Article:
New info from the Department of Corrections finds Georgia’s incarceration rate of black men dropped by 30 percent in the last eight years. But a huge imbalance still exists in our state prisons. African American men still make up nearly two thirds of Georgia’s prison population. We talk about this trend with Bill Rankin, Reporter for The Atlanta Journal-Constitution. Also James Forman Jr., a Professor of Law at Yale Law School. He is also author of the book “Locking Up Our Own: Crime and Punishment in Black America.”
Adam Ragusea: Why are African-American men locked up at such disproportionate rates not only in Georgia, but nationwide?
James Forman Jr. : Well, starting in the late 1960’s, early 1970’s, two things happened: we had a rising crime, but then most importantly we had a massive increase in what people call “tough on crime” policies. So, mandatory minimum sentencing, aggressive policing and prosecution of drug offenses, eliminating parole, and denying people bail were all the stages of the criminal justice system. We got tougher, we got harder, and we got more punitive. That was mostly concentrated not exclusively, but more towards African-American communities and towards African-American men.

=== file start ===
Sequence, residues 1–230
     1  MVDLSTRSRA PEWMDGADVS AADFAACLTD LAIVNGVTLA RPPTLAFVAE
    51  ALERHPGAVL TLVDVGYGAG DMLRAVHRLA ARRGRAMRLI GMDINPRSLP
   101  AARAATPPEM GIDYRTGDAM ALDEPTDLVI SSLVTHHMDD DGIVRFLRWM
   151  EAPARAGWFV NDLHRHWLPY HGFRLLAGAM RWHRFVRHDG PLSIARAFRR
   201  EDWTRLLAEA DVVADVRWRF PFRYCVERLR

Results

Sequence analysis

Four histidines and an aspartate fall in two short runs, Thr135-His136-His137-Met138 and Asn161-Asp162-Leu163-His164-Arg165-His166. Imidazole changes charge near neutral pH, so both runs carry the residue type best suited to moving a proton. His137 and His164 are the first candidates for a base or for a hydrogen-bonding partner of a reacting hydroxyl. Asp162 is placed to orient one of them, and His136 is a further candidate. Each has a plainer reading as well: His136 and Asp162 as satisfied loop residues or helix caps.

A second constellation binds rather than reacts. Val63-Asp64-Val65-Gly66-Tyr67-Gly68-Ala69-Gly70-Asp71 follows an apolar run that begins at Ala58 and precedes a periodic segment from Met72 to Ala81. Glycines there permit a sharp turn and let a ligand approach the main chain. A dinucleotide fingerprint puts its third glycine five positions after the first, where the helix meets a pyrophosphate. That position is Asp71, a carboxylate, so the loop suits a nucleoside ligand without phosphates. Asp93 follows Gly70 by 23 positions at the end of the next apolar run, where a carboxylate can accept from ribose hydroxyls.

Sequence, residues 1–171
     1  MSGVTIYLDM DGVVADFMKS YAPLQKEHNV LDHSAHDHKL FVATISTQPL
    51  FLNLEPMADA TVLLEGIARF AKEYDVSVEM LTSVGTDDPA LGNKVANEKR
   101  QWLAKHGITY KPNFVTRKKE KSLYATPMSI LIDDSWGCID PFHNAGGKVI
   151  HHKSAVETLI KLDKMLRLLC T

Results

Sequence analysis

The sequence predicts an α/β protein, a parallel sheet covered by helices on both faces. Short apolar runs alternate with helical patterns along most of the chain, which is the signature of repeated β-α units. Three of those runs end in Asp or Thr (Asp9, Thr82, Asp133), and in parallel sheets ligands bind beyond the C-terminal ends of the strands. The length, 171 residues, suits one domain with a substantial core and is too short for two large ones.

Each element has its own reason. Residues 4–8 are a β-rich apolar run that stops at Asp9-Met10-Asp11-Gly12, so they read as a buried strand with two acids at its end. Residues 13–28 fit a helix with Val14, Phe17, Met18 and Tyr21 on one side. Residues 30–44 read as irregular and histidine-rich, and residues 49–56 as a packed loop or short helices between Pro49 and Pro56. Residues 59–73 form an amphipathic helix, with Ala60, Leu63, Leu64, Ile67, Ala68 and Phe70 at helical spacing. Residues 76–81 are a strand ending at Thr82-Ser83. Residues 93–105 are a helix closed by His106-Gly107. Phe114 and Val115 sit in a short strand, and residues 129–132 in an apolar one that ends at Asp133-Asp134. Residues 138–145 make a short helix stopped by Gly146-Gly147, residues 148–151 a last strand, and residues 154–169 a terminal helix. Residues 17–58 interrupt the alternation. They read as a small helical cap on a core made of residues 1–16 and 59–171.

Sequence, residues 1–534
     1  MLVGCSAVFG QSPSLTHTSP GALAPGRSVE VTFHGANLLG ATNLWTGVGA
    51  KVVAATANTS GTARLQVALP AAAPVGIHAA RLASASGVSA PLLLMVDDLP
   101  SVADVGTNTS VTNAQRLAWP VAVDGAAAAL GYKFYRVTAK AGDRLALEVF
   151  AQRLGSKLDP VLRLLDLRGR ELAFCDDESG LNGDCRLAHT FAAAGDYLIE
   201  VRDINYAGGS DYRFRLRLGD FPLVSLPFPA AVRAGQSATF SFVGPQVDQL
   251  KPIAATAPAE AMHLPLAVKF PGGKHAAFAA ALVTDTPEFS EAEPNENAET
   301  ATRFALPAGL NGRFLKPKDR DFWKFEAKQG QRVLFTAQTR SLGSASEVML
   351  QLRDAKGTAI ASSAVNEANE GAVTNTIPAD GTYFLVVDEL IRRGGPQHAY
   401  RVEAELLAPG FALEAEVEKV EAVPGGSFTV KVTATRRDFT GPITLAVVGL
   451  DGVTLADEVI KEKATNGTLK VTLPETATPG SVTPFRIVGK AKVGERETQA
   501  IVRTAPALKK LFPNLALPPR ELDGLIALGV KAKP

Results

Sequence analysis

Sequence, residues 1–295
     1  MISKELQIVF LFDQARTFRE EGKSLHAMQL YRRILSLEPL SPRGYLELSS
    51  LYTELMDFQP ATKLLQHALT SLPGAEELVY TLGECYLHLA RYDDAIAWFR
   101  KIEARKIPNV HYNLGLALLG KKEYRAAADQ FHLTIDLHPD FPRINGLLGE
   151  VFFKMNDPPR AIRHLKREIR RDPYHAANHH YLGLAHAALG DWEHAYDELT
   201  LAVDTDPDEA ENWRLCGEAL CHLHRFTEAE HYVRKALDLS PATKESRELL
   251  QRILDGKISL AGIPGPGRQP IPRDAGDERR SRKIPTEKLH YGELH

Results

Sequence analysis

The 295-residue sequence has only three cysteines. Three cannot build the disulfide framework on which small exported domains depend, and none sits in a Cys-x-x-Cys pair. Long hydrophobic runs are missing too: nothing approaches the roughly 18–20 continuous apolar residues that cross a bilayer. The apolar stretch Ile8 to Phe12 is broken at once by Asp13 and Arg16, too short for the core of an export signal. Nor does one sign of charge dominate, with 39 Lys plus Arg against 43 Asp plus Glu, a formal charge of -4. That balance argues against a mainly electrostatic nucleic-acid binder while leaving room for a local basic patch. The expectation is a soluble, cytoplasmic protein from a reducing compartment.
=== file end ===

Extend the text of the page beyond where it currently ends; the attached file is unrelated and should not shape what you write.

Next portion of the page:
Ragusea: The incarceration rate has dropped by 30% over the last eight years with African-American males, what’s behind that change?
Bill Rankin: What I think is notable is that last year the number of African-Americans being sent to state prison as the lowest for any single year in the last three decades. It’s pretty astonishing that the rates of the overall number of black inmates in a single year has the lowest number for one year in 30 years. I cannot say certainly what’s behind it, but we do know three things for sure: one is that the crime rate has dropped, second is that fewer people are committing crimes, and lastly is that fewer people are going to prison as part of Georgia’s criminal justice reform package a few years ago that the legislature changed.
Ragusea: Violent crime has been plummeting nationwide since the peak in the early 90’s. Do we know what’s behind that broader trend? It can’t just be criminal justice reform, right?
Forman Jr.: You know, criminologists have been debating why crime rose in the 60’s, and in the 80’s and they’ve been debating why crime has declined over the last two decades. I can’t prove to you that my theory is better than the next person’s theory; you know we really don’t know. People point to some of the sentencing policies probably deserving some credit on the “tough on crime” policies. You’ve seen over the last two or three decades that at the community level, lots of people in churches, neighborhood groups, civic associations, NAACP fraternities and sororities have looked at this crisis in the black community and are starting to step up to create alternative programs for young people in order to divert or help them from the criminal system.